Suffering can be analyzed from several different aspects; it can be a lesson learned or a way to feel sorry for yourself, but in either way Dickens uses it in his novels to thicken the plot, to show clearly coming of age, as well as to help you further understand the character's situation. When you take the best you can out of suffering, and study every thing that might have lead to that peak of pain, and change that, suffering will only do you good in the long run. Instead of taking the best you can from it, some people take suffering as a way to mourn and be miserable, and tell other people how unfortunate you are. This will do you no good.

Dickens uses both of these in Great Expectations, and it shows you a different side of each of his characters. In Miss Havisham's perspective, her suffering (the loss of her husband as well as the disappointment of her daughter) was a means of punishing her. Miss Havisham has a snotty way of judging everybody, and putting her pain on someone else's shoulders. For example, she wants Estella to be exactly like her and doesn't let her own daughter live the way she wants to, Miss Havisham sets standards and obligations for Estella's each and every move. Miss Havisham herself was abandoned at the alter, and since then has frozen time at the exact hour before her marriage. She is one of the characters who are created to show to readers how all they do is feel misery and wish misery upon everyone else.

She could have a lot, but instead she makes up lies for Pip, rules for Estella, and nothing to change her own sad and depressing future, so you see how people give up their entire lives so easily. One of the characters that probably goes through the toughest time is Pip, who suffers not only emotionally, for his not platonic love for Estella, but economically as well, for being a failure as a business man. He was eluded in the whole Estella situation by Miss Havisham, which probably made the pain sting even more when he found out she was to marry another man. Along with that, Pip strive d his entire life to be a rich gentleman, a very successful one at that.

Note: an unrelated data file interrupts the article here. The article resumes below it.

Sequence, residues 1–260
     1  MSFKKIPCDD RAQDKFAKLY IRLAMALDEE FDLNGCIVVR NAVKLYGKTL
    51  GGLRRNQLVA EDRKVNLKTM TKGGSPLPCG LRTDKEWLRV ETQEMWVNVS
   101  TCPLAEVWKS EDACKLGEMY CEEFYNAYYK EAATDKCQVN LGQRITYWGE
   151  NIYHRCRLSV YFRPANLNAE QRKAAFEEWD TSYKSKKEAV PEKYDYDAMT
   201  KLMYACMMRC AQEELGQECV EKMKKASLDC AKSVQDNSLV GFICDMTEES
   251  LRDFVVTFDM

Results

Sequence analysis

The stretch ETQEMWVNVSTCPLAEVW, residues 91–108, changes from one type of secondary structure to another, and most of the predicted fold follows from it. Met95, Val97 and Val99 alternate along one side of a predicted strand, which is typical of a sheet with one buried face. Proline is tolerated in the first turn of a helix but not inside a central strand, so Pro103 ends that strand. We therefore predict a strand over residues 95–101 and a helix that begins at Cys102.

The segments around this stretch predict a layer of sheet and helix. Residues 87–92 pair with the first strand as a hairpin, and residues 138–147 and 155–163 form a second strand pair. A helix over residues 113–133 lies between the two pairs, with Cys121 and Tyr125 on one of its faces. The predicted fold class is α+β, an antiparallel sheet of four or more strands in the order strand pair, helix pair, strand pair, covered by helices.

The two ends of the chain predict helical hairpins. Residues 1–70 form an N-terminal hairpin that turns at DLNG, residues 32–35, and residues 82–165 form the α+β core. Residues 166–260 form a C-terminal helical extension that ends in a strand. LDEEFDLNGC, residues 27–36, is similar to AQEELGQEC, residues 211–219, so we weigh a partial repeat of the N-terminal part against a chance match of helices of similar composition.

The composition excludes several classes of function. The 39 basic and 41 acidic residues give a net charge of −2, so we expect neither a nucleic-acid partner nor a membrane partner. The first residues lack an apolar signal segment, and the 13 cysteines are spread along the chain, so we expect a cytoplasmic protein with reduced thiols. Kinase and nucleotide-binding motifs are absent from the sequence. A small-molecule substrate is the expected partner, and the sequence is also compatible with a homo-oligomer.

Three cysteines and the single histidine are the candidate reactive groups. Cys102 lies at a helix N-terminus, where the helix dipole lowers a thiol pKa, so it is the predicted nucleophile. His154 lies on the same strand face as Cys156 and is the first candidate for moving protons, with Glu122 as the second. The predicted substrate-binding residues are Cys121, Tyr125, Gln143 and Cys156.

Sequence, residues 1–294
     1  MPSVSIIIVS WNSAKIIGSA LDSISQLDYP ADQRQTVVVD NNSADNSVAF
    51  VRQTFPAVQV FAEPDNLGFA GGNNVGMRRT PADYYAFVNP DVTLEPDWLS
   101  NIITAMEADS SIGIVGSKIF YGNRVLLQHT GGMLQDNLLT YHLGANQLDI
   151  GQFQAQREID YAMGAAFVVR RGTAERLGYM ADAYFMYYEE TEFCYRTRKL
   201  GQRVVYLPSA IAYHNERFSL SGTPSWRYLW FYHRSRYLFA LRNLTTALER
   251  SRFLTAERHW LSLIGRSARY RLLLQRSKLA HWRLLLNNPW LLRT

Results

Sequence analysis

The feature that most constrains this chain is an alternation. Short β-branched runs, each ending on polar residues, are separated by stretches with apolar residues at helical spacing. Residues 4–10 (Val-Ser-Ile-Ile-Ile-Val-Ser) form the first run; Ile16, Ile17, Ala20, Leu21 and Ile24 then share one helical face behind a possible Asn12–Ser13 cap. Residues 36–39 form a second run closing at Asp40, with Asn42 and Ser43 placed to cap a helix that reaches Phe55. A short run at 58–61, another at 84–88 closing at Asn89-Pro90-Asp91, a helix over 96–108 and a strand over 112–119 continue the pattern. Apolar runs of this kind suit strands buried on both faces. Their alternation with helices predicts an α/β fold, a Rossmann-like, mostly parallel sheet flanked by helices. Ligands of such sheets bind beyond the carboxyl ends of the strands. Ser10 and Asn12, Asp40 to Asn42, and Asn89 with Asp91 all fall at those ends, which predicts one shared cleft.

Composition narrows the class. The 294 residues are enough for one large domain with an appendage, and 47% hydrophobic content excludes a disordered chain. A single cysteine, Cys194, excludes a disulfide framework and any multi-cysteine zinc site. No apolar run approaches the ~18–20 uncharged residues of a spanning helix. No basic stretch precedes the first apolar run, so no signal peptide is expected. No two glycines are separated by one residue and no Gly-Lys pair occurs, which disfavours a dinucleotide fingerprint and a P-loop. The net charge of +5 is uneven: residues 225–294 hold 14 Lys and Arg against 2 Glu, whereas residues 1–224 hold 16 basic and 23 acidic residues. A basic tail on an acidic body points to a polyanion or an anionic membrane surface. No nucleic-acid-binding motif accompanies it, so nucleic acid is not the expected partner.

But when he entered the real world of money and fake people, he realized life wasn't what he expected, and that you could be a gentleman without the money. Pip learned an important lesson of not being superficial, that it's what's inside that counts. He made a difference in his life, first to change it from poor to rich, and then to fix the mistake he had made, and he shows perseverance and hope in his actions, even while going through so much pain and failure. Estella suffers differently from any other character in this book, for she doesn't let her emotions show, or even let things hurt her heart of stone. Yet an important thing she says is "Suffering has been stronger than all other teachings." After all these years of Estella being the cold, shrewd one, perhaps all her suffering and misfortune has affected her, made her into a better person. During her life Estella was always unsatisfied.

Firstly with her mother, who was trying to make something out of her which wasn't real. Miss Havisham was trying to boss her around, make decisions for her, and plan out her entire life, in which Estella had no say. Let alone that she was unhappy with the world itself, the way things were and the way she was herself. Her marriage didn't work out as well, which just led to more and more pain.

Yet Estella is one of the more mature characters you " ll find, because although everyone judges her as spoiled, ill-tempered, or cold she is able to take all these problems she has to deal with, and learn from it and use it to become a better person. Dickens created difficult moments that impose suffering in the protagonists to lead them to a different stage in life, one in which they are more experienced, wiser, and more mature people. They each suffer in their own peculiar way, and each one of them solves their problems in their own manner, or chose to not solve them at all, but what Great Expectations is trying to impose about suffering is the besides all the pain and anguish, it can be of aid, a true lesson learned.